The Abbot of the monastery was distressed by what was happening, and poured out his heart to his good friend Jeremiah. Jeremiah was a wise old Jewish rabbi. Having heard the Abbot’s tale of woe he asked if he could offer a suggestion. “Please do” responded the Abbot. “Anything you can offer.”
Jeremiah said that he had received a vision, an important vision, and the vision was this: the messiah was among the ranks of the monks. The Abbot was flabbergasted. One among his own was the Messiah! Who could it be? He knew it wasn’t himself, but who? He raced back to the monastery and shared his exciting news with his fellow monks.
The monks grew silent as they looked into each other’s faces. Was this one the Messiah?
From that day on the mood in the monastery changed. Joseph and Ivan started talking again, neither wanting to be guilty of slighting the Messiah. Pierre and Naibu left behind their frosty anger and sought out each other’s forgiveness. The monks began serving each other, looking out for opportunities to assist, seeking healing and forgiveness where offence had been given.
As one traveler, then another, found their way to the monastery word soon spread about the remarkable spirit of the place. People once again took the journey to the monastery and found themselves renewed and transformed. All because those monks knew the Messiah was among them.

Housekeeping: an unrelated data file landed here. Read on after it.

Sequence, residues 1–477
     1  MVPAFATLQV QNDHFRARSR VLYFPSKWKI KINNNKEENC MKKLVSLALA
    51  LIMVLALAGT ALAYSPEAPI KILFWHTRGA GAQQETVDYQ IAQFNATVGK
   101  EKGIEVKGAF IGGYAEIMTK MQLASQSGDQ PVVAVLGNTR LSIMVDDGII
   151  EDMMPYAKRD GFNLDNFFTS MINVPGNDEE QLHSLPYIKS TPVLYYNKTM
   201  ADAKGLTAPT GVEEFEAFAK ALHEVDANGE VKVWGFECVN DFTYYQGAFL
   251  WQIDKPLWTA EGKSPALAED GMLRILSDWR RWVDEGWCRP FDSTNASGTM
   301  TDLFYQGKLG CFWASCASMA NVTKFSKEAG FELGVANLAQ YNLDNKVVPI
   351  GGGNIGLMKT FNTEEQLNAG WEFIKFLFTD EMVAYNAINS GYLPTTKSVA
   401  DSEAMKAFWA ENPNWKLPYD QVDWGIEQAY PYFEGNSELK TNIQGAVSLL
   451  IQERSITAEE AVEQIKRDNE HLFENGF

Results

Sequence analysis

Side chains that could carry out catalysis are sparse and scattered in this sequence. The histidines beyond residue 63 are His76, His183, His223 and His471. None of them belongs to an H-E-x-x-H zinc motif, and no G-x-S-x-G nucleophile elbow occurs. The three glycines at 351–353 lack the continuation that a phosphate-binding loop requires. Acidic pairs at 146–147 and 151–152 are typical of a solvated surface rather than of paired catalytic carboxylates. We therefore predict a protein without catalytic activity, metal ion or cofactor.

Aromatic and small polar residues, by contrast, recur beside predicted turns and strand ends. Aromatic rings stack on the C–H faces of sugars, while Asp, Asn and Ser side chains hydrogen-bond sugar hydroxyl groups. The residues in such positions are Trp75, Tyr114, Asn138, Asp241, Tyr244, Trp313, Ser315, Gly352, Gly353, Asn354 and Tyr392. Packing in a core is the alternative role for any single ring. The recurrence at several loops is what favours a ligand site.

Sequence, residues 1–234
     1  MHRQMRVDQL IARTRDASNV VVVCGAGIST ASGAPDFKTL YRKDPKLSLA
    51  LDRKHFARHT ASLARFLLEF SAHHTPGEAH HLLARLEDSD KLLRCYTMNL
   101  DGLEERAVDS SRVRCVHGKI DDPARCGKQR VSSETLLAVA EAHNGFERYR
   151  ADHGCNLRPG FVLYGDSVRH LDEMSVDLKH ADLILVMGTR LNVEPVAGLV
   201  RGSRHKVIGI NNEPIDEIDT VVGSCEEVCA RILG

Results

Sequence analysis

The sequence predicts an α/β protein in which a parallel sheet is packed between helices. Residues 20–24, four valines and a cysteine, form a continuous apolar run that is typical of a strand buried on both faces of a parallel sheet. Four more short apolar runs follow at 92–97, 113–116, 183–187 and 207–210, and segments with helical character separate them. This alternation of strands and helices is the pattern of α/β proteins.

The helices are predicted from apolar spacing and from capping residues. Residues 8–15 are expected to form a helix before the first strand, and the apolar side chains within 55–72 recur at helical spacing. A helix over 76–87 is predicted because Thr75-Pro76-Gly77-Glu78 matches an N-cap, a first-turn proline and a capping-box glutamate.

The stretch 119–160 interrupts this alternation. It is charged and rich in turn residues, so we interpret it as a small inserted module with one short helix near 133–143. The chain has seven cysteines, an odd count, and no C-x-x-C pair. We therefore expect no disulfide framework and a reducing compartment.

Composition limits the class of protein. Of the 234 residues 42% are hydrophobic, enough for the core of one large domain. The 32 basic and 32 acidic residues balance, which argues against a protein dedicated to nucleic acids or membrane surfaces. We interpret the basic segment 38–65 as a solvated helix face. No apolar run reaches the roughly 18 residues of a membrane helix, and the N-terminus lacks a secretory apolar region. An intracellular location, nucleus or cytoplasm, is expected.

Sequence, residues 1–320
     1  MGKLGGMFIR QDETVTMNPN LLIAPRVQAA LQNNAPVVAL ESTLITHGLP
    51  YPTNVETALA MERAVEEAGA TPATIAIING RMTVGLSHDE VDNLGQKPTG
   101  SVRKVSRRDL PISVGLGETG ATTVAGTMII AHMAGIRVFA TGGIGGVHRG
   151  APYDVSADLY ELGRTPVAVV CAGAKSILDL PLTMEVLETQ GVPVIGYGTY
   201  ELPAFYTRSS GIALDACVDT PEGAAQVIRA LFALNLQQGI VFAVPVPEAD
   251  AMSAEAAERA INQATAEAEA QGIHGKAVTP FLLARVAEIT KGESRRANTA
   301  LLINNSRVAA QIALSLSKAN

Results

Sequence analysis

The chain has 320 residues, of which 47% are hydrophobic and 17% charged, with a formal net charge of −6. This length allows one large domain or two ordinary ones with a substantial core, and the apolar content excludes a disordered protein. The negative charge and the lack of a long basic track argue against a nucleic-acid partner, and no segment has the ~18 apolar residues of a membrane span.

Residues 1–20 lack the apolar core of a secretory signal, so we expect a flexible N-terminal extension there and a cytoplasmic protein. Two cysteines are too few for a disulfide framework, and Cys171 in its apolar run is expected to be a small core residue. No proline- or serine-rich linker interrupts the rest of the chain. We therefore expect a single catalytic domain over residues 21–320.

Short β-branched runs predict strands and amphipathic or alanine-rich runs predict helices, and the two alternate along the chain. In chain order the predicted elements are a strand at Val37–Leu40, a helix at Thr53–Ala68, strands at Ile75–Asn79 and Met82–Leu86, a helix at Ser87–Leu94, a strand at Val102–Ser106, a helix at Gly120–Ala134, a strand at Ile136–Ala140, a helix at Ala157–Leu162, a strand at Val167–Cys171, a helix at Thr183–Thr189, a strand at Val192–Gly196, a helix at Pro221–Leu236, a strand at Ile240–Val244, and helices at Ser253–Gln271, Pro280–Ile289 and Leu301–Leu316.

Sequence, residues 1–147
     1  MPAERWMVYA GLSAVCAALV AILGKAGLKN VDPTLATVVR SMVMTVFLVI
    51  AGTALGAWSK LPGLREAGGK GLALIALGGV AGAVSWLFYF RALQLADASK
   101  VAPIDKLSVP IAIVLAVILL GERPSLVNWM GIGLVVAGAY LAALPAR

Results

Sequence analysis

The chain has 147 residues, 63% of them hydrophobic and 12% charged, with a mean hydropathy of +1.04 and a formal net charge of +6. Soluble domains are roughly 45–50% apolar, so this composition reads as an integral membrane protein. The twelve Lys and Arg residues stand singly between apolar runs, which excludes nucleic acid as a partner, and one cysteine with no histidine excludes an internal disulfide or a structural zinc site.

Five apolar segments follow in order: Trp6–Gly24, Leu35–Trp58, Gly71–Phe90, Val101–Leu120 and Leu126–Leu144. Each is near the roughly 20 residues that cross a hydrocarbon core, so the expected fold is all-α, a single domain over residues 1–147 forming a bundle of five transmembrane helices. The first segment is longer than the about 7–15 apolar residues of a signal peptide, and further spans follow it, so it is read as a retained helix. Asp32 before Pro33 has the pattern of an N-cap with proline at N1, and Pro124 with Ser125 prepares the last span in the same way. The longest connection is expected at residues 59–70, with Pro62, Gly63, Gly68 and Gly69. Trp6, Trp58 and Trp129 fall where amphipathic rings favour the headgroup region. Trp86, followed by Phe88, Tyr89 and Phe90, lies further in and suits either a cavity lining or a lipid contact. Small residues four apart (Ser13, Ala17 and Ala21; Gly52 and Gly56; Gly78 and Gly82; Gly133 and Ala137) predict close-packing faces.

A man tells the story about a special friend he made while just a boy. When quite young, Paul’s father had one of the first telephones in their neighbourhood. Paul was too little to reach the telephone, but used to listen with fascination when his mother talked to it.
Then Paul discovered that somewhere inside the wonderful device lived an amazing person – her name was “Information, Please” and there was nothing she did not know.
“Information, Please” could supply anybody’s number and the correct time. Paul’s first personal experience with this genie-in the-bottle came one day while his mother was visiting a neighbour. Amusing himself at the tool bench in the basement, Paul hacked his finger with a hammer. The pain was terrible, but there didn’t seem to be any reason in crying because there was no one home to give sympathy. He walked around the house sucking his throbbing finger, finally arriving at the stairway.
Quickly, Paul ran for the foot stool in the parlour and dragged it to the landing. Climbing up, he unhooked the receiver in the parlour and held it to his ear. “Information, Please,” he said into the mouthpiece just above his head.
A click or two and a small clear voice spoke into Paul’s ear.
“I hurt my finger,” Paul wailed into the phone.
“Isn’t your mother home?” came the question.
“Nobody’s home but me” Paul blubbered.
“Are you bleeding?” the voice asked.
“No,” he replied. “I hit my finger with the hammer and it hurts.”